Against the backdrop of probably the smallest of countless Indian villages, Kritam, the story A Horse and Two Goats begins with the depiction of the poverty in which Muni, the central character, lives. There are around thirty houses in the village but only one, the Big House, is built of brick. The others are mud huts of bamboo thatch. The village has neither running water nor electricity. Muni and his wife were not always so poor. Once, he regarded himself well-off as he had a flock of forty sheep and goats. But years of drought, a famine, and an epidemic affected his flock and now he is left with only two scrawny goats. Being a low caste, Muni was not allowed to go to school or to learn a craft. Since Muni and his wife have no children, their only income is from the odd jobs his wife gets at the Big House.

Daily Muni’s wife cooks their typical breakfast of a fistful of millet flour over a fire in a mud pot. On this day, Muni has managed to get six drumsticks from the drumstick tree in front of his house. He demands his wife to cook them for him in a sauce. She agrees and asks him to get the other ingredients which they do not have in the house.

Muni has run through his credit at all the shops in the village, and today, when he asks a local shopman to give him the items his wife requires, he is disgraced and dismissed by the shopkeeper.

There is nothing else in the house and hence, Muni’s wife sends him away telling him to fast till the evening. Muni takes the goats to their usual patch: a grassy spot near the highway. Here, sitting in his favourite place, the shade of the pedestal of a horse and a warrior, Muni observes trucks and buses passing by.

As he waits for the time to return home, a yellow station wagon comes down the road and pulls over. A flushed American man dressed in khaki steps out and asks Muni about the nearest gas station. He looks at the statue and is instantly attracted to it. When he sees the khaki-clad foreigner, Muni’s initial instinct is to flee thinking that the foreigner must be a policeman or a soldier. However, Muni is too old to run and moreover, he cannot abandon the goats. Presently, the foreigner and Muni carry on a conversation, neither understanding the other. The American greets Muni using his only Indian word Namaste and Muni responds with the only English he knows-Yes, no.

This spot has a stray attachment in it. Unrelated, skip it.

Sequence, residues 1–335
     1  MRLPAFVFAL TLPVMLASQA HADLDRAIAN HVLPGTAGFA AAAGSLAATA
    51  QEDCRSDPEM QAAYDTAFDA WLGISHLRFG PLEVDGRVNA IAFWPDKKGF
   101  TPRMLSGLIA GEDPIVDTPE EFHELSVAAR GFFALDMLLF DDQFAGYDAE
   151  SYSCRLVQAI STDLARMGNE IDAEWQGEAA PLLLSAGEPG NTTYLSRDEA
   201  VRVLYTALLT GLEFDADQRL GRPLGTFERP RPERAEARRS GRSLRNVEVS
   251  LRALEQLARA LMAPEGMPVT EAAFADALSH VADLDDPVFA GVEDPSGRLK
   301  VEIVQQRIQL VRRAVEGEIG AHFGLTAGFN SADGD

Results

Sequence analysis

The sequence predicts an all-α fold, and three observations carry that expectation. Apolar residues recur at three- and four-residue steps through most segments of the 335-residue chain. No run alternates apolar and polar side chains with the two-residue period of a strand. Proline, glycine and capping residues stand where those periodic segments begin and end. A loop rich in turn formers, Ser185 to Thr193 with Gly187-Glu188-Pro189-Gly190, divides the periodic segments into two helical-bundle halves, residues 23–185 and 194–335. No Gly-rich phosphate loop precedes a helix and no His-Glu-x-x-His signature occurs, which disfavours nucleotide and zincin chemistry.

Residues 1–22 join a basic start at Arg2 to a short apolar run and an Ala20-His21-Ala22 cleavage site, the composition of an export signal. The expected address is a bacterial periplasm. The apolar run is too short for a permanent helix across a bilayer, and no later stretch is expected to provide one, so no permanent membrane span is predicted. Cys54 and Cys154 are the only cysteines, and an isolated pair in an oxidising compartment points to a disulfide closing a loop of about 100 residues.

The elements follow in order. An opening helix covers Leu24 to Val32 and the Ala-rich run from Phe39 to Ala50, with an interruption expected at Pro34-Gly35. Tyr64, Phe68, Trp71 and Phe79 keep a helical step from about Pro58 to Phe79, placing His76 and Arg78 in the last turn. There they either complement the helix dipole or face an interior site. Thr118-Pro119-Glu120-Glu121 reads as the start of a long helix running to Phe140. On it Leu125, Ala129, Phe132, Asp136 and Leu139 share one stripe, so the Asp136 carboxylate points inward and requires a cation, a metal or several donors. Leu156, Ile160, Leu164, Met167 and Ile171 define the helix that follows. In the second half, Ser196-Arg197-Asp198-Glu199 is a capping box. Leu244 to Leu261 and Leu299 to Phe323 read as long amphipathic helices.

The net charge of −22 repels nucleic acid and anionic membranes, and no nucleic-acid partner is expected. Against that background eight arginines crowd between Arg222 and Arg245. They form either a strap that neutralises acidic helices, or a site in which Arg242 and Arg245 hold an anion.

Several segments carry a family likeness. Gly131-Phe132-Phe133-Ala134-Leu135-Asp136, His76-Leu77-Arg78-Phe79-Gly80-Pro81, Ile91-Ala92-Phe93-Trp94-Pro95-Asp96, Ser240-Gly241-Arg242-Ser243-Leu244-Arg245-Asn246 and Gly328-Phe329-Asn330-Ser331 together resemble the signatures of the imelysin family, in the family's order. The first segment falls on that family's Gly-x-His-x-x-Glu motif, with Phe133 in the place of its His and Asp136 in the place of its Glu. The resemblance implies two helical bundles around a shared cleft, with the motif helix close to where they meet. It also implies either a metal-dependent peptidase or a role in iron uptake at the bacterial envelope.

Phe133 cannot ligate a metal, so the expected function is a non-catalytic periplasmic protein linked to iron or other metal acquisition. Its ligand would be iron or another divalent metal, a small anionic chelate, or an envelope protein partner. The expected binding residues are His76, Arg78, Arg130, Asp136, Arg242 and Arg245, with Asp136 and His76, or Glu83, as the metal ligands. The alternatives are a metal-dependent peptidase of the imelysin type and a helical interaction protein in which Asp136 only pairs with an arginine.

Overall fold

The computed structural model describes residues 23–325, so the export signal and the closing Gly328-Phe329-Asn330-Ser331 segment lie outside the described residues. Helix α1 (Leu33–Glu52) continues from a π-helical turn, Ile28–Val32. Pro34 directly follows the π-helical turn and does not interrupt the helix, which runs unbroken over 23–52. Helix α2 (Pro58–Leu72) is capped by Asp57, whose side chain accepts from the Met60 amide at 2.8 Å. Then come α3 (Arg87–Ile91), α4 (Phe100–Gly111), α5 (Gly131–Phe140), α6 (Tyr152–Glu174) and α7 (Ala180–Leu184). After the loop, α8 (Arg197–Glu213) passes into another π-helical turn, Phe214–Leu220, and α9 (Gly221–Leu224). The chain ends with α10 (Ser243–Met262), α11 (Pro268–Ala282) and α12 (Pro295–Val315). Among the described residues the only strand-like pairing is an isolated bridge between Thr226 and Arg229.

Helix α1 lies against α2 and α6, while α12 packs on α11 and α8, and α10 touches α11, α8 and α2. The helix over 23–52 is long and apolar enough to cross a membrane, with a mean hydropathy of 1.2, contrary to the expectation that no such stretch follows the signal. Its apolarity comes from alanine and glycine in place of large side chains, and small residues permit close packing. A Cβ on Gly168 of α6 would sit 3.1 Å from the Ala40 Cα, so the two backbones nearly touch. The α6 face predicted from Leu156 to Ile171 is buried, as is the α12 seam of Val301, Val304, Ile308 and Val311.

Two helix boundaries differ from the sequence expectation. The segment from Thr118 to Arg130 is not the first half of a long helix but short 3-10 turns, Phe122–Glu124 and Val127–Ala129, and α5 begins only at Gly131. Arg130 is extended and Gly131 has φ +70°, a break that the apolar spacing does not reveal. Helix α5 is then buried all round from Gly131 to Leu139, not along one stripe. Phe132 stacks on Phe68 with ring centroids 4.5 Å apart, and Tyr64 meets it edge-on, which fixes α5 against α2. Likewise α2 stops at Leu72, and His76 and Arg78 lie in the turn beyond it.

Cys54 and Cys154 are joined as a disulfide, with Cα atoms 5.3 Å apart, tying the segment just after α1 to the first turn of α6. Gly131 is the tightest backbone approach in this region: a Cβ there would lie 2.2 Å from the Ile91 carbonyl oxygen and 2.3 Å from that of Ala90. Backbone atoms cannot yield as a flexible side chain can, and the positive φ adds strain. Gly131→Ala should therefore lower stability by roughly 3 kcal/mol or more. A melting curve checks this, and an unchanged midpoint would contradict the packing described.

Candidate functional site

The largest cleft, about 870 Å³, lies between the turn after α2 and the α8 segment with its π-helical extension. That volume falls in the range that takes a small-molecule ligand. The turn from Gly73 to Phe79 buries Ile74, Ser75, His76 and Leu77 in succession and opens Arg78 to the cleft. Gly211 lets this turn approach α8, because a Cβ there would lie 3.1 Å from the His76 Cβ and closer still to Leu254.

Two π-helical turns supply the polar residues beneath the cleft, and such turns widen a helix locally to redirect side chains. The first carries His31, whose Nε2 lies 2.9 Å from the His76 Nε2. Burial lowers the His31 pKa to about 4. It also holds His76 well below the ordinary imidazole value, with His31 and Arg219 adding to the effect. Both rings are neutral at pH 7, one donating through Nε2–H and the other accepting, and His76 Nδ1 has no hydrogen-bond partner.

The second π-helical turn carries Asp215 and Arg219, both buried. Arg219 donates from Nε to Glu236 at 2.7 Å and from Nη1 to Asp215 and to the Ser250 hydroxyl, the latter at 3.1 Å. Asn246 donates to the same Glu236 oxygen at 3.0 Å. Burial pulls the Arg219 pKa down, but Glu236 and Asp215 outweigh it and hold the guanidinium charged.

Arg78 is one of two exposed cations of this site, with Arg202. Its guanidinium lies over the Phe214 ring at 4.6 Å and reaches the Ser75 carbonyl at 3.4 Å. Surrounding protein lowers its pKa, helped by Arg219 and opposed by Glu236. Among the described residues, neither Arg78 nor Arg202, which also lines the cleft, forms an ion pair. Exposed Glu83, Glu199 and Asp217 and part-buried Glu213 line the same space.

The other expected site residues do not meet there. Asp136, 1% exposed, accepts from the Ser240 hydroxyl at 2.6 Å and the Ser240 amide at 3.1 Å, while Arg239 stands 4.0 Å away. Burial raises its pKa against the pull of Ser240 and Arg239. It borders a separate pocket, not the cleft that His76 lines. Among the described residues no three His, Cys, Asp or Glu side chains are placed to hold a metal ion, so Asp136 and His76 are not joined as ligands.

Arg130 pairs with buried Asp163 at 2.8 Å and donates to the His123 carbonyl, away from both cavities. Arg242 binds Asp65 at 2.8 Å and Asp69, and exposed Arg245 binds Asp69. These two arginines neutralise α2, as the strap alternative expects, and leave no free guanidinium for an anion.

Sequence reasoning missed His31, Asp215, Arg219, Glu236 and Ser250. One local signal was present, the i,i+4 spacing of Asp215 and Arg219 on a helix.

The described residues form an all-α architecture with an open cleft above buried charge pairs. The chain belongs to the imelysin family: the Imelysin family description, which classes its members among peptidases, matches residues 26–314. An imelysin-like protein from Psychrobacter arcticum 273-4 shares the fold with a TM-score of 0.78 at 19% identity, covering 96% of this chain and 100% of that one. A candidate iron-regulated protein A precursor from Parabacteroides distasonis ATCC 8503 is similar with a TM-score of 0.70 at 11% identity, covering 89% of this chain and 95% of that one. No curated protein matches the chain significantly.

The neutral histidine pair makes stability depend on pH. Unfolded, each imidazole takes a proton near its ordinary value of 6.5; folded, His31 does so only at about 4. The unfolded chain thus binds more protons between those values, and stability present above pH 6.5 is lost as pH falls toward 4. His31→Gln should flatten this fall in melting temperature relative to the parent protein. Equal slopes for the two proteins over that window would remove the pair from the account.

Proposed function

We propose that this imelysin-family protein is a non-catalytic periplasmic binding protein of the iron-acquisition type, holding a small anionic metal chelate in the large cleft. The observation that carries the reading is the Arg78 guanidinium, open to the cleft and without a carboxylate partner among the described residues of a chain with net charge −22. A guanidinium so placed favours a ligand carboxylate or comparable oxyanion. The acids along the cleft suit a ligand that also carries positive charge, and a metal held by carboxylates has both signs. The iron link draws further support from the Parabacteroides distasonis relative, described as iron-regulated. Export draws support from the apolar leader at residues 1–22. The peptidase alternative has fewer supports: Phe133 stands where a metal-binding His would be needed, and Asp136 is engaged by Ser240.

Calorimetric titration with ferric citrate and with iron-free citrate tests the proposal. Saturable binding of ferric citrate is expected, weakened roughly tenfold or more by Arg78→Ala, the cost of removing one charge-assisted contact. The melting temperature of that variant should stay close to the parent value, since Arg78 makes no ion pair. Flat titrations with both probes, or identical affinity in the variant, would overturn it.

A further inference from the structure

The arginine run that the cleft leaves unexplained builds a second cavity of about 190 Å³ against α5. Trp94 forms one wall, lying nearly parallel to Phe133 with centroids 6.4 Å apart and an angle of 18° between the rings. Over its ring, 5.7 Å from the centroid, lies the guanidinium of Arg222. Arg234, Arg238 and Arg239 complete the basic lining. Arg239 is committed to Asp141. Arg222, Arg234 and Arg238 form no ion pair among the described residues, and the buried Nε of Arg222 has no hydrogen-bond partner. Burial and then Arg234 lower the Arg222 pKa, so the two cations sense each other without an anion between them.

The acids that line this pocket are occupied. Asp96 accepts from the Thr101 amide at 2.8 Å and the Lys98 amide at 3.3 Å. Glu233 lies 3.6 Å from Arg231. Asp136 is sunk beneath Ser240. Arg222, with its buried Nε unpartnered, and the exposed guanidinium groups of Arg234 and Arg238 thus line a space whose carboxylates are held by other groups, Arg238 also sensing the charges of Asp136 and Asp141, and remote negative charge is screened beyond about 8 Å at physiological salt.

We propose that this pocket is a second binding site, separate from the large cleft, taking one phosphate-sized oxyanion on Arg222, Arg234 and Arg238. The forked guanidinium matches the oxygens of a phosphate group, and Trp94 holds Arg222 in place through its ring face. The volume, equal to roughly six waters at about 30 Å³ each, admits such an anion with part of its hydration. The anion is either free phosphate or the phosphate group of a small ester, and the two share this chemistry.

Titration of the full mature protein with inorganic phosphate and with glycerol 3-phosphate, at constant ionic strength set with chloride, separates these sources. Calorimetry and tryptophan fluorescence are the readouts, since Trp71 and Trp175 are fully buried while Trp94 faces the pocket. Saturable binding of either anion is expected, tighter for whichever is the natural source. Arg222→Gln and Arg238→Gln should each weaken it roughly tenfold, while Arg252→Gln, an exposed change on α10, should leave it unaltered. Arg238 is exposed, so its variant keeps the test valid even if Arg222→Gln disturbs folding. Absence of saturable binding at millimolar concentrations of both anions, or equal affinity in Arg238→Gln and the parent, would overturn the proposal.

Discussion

The American is a New York based   businessman. After lighting a cigarette, he offers one to Muni. Then he gives Muni his business card, and Muni is terrified that it is a warrant. Muni commences a lengthy explanation to establish his innocence. The American presumes that Muni is the owner of the statue and expresses his wish to buy it. In between, he tells Muni about an awful day at work when he was compelled to work for hours without elevators or electricity. He seems blithely unaware that Muni lives this way every day.

The two strangers chitchat, each about his own life. Muni recalls his father and grandfather remarking about the statue and attempts to enlighten the American of the myth behind it. Muni explains to the foreigner that the statue is the guardian of the village and that at the end of this world, the Redeemer will come in the shape of a horse. The American is charmed by the rhythm of chaste Tamil as Muni recollects his grim and poverty-stricken childhood. The American does not understand a single word but assures Muni that the horse will have the best home in the U.S.A.

At last, the American shoves one hundred rupees into Muni’s hand and is certain that he has bought the horse, and Muni thinks that he has just sold his goats. Muni runs home to give the money to his wife. The American stops a truck, gets help to remove the horse off its pedestal, and drives away with his new acquisition. Muni’s wife considers Muni’s story to be a deliberate fib, and her misgivings are confirmed when the goats return home. As the story ends we find the miserable Muni facing the ire of his shrieking wife.